World AIDS Day

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Today marks the 20th observance of World AIDS Day, an annual worldwide event established to increase awareness and education of human immunodeficiency virus (HIV) and acquired immunodeficiency syndrome (AIDS).


In 2007, an estimated 33.2 million people were living with HIV worldwide. In North America, Western and Central Europe, the total number of people living with HIV is increasing, mainly due to [1]:

… the life-prolonging effects of antiretroviral therapy and an increase in the number of new HIV diagnoses in Western Europe since 2002, combined with a relatively stable number of new HIV infections each year in North America.

With widespread access to effective antiretroviral treatment, only 32,000 people died of AIDS in these regions in 2007. In contrast, in Asia, approximately 300,000 people died from AIDS-related illnesses in 2007.

The United States is one of the countries with the largest number of HIV infections in the world. In the U.S., an estimated 1 million people were living with HIV [2]. Approximately 25% of these HIV-positive individuals are unaware of their infection. Racial and ethnic minorities continue to be disproportionately affected by the HIV epidemic. African Americans represent only 13% of the population, yet they accounted for 48% of new HIV or AIDS diagnoses in 2005 [1].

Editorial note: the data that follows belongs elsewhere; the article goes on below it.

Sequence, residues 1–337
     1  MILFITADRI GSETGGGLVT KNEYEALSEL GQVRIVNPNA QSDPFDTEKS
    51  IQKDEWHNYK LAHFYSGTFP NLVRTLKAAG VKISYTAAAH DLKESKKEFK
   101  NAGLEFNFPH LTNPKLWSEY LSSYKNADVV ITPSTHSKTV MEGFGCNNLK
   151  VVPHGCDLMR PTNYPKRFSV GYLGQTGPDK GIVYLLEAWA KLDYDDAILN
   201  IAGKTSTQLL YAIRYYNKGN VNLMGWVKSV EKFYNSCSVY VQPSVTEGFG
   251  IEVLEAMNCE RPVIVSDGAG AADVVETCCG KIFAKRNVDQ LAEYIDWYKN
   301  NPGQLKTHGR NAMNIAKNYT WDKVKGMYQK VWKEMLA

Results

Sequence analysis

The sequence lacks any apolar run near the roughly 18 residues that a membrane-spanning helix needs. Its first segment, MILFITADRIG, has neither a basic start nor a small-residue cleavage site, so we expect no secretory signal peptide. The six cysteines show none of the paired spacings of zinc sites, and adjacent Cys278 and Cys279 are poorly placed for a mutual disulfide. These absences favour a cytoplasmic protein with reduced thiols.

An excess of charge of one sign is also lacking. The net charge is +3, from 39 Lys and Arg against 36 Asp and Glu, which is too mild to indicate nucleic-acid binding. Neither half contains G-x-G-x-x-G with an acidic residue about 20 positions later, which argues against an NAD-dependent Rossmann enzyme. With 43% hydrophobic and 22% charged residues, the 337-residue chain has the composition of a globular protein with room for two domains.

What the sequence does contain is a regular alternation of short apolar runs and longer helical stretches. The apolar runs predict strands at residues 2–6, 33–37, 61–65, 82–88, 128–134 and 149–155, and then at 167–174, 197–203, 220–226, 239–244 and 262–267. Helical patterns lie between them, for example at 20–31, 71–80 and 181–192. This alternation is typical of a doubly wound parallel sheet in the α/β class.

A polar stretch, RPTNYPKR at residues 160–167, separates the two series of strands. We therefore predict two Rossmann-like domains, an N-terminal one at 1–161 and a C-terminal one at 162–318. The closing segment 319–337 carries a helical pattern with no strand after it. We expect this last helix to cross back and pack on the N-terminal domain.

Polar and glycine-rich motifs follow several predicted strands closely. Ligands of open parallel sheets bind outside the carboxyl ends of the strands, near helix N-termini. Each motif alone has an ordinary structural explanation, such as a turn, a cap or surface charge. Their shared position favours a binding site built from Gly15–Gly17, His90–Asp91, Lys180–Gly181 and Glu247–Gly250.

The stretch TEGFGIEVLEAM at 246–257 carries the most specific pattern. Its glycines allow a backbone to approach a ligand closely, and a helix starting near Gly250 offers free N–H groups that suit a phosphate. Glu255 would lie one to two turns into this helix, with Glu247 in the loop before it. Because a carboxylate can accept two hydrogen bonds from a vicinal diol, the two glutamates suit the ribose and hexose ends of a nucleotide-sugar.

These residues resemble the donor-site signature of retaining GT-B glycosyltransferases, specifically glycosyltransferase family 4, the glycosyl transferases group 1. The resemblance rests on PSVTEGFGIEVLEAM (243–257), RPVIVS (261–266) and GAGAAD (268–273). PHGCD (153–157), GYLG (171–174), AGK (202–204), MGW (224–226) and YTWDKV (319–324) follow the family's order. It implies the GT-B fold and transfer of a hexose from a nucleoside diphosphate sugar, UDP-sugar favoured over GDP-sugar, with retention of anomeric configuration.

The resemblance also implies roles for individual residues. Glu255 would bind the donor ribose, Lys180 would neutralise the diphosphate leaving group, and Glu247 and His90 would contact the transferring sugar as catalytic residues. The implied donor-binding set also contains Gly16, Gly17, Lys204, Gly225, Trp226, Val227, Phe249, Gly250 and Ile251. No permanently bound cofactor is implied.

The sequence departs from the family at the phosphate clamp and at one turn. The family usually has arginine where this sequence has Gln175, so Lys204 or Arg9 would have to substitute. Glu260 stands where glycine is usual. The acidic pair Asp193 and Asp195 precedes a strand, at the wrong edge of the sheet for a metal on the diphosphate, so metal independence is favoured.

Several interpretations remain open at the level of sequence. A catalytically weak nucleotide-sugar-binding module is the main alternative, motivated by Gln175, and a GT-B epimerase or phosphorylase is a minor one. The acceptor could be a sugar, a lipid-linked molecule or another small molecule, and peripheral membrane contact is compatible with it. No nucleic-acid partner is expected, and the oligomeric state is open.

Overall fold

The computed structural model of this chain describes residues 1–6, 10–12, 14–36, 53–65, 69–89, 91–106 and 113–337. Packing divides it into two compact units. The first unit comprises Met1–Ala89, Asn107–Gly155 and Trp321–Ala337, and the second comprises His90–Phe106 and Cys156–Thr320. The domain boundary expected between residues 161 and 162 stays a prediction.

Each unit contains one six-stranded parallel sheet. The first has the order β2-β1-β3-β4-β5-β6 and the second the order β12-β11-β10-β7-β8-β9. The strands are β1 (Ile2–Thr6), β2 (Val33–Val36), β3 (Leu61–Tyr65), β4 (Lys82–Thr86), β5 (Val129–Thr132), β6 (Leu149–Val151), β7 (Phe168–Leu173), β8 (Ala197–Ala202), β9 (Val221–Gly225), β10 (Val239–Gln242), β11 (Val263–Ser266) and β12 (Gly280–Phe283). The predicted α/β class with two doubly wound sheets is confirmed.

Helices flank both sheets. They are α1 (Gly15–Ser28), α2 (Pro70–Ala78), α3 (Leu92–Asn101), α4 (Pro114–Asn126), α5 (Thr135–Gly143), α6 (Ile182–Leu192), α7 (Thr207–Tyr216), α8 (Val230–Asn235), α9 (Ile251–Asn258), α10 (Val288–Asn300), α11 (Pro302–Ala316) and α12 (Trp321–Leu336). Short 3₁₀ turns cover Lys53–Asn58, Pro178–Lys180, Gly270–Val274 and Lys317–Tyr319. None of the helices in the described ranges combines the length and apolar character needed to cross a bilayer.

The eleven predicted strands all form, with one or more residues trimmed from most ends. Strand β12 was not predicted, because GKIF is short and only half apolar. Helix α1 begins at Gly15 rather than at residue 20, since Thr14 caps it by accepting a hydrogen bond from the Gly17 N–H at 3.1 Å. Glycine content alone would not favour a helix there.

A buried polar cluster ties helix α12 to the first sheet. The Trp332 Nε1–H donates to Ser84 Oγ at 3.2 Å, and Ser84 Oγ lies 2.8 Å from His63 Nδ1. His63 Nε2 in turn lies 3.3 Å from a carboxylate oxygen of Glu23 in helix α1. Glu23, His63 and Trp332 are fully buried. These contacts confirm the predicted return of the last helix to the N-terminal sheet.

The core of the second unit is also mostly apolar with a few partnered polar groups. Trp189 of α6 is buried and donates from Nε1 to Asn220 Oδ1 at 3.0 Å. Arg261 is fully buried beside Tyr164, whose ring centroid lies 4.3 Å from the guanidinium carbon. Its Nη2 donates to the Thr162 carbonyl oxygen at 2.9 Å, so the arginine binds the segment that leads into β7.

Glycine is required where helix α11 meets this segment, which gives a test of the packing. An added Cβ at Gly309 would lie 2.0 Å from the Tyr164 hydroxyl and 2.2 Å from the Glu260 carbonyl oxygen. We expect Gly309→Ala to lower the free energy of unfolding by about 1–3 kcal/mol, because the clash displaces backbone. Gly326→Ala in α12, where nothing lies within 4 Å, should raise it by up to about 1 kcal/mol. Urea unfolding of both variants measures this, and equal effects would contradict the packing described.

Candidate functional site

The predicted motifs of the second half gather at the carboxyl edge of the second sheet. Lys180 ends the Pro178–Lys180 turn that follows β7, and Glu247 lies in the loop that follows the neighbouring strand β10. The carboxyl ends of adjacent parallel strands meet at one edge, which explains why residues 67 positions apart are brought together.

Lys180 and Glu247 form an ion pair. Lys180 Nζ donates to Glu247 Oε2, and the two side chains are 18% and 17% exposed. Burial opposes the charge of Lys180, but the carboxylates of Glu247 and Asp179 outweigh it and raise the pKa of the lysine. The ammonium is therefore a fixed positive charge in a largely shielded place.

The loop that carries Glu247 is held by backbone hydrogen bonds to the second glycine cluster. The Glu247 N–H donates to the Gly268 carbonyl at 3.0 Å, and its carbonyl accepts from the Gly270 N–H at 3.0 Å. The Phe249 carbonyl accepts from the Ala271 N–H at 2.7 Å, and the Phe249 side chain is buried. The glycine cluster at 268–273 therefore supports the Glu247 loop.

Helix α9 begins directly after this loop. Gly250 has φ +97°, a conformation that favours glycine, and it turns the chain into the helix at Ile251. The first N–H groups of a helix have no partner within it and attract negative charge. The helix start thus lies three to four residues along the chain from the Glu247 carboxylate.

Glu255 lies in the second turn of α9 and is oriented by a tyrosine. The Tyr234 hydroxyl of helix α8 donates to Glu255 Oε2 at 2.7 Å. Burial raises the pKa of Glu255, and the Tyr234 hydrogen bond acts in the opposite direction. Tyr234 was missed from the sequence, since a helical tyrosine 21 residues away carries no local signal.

Visit the Centers for Disease Control and Prevention website for more information on World AIDS Day.


  1. Joint United Nations Programme on HIV/AIDS (UNAIDS) and World Health Organization (WHO). 2007 AIDS epidemic update. Geneva, Switzerland: UNAIDS/WHO; 2007.
  2. Glynn and Rhodes. Estimated HIV prevalence in the United States at the end of 2003. Programs and abstracts of the 2005 National HIV Prevention Conference; June 12–15, 2005; Atlanta, GA.
    View Abstract
About the Author

Walter Jessen is a senior writer for Highlight HEALTH Media.